International news outlets ran a story Thursday about a young sperm whale that washed up dead on the coast of Spain in February. The creature had swallowed more than 60 pounds of plastic waste, fish netting and garbage bags, almost certainly causing its death.
The same day news broke about the whale, Twin Cities vocal ensemble Cantus launched “For the Beauty of the Earth,” its latest themed program. The juxtaposition of these two events was painfully appropriate.
And while classical music probably does little to address environmental issues, “For the Beauty of the Earth” at least tried.
The concert started with the fragility of a single voice, that of tenor Paul Scholtz.
His sweet, poignant leadoff to the hymn-tune “For the Beauty of the Earth” was gradually draped with tentative harmonies — as if beauty itself was somehow a provisional, passing entity.
A similar feeling of time suspended pervaded Hugo Alfven’s “Aftonen” (“Evening”), with its seemingly idyllic vision of valleys, green hills and shepherds’ lullabies. The blending of the eight male voices was warmly euphonious, if somehow not entirely reassuring.
There were lighter moments among the program’s ecologically themed selections. “El Grillo” (“The Cricket”), a song by French Renaissance composer Josquin des Prez, thrummed with the chattering rhythms of the busy insect that “sings out of love.”
And in the neat mash-up of Joni Mitchell’s “Big Yellow Taxi” with the Tune-Yards’ “Water Fountain,” Mitchell’s wry couplets drew laughter from the audience — not to mention a teasing signoff from baritone David Geist.
Another delight was Bob Nolan’s “Cool Water,” a throwback to the days of happily crooning cowboys. Baritone Matthew Goinz tapped coconut shells to re-create the hoofbeat rhythms of the Western ballad. Roy Ringwald’s arrangement glowed with affectionate nostalgia.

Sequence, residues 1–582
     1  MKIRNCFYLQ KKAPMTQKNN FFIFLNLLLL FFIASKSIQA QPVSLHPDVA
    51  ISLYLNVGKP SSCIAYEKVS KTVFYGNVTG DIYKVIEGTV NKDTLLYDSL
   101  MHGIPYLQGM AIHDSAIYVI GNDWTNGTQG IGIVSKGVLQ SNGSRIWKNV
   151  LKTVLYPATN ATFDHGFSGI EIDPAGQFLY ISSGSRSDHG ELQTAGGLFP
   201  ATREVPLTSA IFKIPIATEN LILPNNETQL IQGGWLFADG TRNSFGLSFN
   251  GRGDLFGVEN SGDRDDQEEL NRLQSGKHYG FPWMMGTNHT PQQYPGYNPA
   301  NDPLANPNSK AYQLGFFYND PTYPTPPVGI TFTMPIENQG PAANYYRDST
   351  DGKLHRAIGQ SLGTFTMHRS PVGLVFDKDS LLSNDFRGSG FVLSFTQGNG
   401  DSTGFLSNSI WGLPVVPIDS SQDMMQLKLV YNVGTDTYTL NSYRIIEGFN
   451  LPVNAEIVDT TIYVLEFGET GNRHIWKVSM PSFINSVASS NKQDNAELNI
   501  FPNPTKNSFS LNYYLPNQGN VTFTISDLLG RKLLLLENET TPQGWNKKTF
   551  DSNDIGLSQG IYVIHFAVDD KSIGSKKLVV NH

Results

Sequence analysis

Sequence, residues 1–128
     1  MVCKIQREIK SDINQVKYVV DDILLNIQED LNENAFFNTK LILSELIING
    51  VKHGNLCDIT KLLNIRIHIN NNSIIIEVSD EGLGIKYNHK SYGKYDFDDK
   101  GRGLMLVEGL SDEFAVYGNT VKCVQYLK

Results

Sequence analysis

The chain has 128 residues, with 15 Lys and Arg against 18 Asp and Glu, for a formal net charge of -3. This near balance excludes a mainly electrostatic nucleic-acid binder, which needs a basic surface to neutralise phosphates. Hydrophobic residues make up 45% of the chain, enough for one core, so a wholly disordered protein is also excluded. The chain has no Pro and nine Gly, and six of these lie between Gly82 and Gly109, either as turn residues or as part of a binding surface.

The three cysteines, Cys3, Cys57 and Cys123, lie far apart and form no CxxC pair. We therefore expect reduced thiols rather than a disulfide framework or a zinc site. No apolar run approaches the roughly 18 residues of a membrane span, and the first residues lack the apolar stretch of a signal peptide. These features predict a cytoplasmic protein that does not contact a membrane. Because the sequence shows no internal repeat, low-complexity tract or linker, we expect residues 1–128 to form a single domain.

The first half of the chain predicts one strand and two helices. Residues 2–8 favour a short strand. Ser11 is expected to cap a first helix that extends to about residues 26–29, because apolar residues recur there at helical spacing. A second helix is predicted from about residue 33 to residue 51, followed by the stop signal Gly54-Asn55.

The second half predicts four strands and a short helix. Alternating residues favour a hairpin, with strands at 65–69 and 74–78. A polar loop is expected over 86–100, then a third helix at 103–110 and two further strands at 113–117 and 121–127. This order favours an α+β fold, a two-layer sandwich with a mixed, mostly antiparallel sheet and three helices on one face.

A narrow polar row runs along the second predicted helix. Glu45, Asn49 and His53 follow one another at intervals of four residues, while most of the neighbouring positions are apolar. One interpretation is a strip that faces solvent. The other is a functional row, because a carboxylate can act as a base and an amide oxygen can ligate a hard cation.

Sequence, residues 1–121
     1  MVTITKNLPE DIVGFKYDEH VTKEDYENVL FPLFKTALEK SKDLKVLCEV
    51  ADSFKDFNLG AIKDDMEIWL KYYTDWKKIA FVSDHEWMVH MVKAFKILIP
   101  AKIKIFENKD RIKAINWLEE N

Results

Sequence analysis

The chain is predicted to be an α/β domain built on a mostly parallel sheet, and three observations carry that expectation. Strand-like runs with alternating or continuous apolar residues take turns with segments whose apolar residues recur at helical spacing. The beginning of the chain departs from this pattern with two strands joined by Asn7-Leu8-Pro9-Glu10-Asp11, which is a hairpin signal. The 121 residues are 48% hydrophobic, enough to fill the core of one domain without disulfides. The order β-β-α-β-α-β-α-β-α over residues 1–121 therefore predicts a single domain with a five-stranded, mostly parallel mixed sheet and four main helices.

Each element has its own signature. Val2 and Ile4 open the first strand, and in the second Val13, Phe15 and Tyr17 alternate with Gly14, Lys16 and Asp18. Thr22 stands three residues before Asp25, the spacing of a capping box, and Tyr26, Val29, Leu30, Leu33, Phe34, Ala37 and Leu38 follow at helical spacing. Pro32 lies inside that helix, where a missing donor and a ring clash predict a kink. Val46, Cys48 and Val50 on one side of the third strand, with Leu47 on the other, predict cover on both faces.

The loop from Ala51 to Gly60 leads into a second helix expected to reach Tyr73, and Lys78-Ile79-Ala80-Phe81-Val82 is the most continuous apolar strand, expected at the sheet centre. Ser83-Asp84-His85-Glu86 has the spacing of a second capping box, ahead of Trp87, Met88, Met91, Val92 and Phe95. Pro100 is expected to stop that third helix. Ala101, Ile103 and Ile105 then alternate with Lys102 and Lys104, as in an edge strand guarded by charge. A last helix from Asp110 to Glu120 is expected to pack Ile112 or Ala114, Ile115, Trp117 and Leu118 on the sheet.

Present realities, though, were the evening’s main focus — especially in “N’ap debat” (“We’re Hangin’ On), composer Sydney Guillaume’s musical response to the 2010 Haiti earthquake. To a tribal drumbeat, Guillaume’s piece harnessed the pulses of ritual chanting to a Creole text expressing the resilience of Haitians — “I am a bent reed that does not break” — at a time of natural disaster.
The recital ended with Woody Guthrie’s visionary ballad “This Land Is Your Land,” normally a stirring paean to America’s open spaces, its “sparkling sands” and “golden valley.” Context changes things, however, and the clear message of this Cantus program was that the American landscape is by no means as sparkling or as golden as it used to be. So Guthrie’s song seemed sadder than originally intended, as did the encore “What a Wonderful World.”
Cantus’ performance of the Louis Armstrong standard was beautifully balanced between the eight voices, and full of poetic sensitivity. But how much longer can “wonderful” last, on a planet where a whale chokes to death on human garbage?
Terry Blain is a freelance classical music critic for the Star Tribune. Reach him at email@example.com.